Ad Blitz to Attack Private Social Security Accounts
A new labor-backed nonprofit group announced plans yesterday to spend at least $850,000 -- and perhaps $15 million -- on television advertising attacking President Bush's plan to let workers under age 55 invest part of their Social Security taxes.
An affiliated group, Americans United to Protect Social Security, said at a luncheon briefing for reporters that it plans to raise as much as $20 million for grass-roots activities to fight the plan.
The new group -- ProtectYourCheck.org, which said it gets its money from unions and individual donors -- said it plans to begin running an ad on cable news stations late this week that calls Bush's plan an "iceberg that threatens your retirement" and that says the result would be "benefit checks cut almost in half."
That claim does not apply to current retirees because Bush said his plan would not affect the benefits of people born in 1950 or earlier. The claim refers to hypothetical checks for some future retirees under an idea that has backers in the White House but has not been proposed. A data sheet supplied by the group shows that many of these hypothetical retirees have not been born yet and are at most 5 years old, and therefore seem unlikely to be watching much CNN.
The figure refers to an estimated reduction of about 45 percent for average-income retirees born between 2000 and 2009. Under a Congressional Budget Office analysis, those retirees would have their benefits drop to about $690 a month from a scheduled $1,277 a month.
"The retirement you're earning -- taken away," the announcer says as the grim phases of three workers in hard hats fills the screen.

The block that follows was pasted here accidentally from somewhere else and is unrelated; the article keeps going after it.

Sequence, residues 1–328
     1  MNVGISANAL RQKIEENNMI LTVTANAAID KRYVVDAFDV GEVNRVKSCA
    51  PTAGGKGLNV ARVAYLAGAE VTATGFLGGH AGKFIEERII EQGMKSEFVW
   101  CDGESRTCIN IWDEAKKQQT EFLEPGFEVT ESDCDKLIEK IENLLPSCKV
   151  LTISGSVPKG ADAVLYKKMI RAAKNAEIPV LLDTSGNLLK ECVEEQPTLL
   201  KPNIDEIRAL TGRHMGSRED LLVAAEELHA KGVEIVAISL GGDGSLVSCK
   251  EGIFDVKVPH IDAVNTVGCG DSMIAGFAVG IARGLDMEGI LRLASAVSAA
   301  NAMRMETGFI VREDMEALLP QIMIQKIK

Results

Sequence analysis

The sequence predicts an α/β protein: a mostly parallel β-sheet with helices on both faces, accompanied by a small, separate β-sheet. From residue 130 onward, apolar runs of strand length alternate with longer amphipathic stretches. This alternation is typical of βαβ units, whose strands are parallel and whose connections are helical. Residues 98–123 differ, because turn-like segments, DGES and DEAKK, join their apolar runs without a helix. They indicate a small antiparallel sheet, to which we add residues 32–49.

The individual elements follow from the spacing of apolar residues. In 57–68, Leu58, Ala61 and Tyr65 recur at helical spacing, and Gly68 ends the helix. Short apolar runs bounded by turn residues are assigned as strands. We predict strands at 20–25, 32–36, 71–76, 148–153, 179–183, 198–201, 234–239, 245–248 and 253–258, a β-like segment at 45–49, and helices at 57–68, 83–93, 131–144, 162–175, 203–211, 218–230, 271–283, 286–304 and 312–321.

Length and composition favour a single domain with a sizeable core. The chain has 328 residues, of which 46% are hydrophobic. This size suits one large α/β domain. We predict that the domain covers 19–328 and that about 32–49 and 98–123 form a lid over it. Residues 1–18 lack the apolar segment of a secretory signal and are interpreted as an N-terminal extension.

For the Record
A new poll for the Houston Chronicle has found that 56 percent of those surveyed in the suburban district represented by House Majority Leader Tom DeLay (R-Tex.) said they consider him ethical, whereas 35 percent consider him unethical. However, the poll of 501 likely voters by Zogby International showed that nearly 40 percent of respondents said their opinion of DeLay is less favorable than it was last year, compared with 11 percent who said their view of him has improved. Republicans pointed out that in DeLay's 2002 reelection race, Zogby conducted a poll for his opponent, Democrat Tim Riley.
People with criminal records and other disqualifying factors have access to explosives because the federal Bureau of Alcohol, Tobacco, Firearms and Explosives is failing to do adequate background checks, the Justice Department's internal watchdog said yesterday. At least 655 people can continue to work for companies licensed to handle explosives even though they have criminal records or fall into one of six other prohibited categories, Justice Inspector General Glenn A. Fine said. ATF classifies its applications as pending; until clearance is complete, applicants can handle explosives.
-- Compiled from reports by staff writer Mike Allen and news services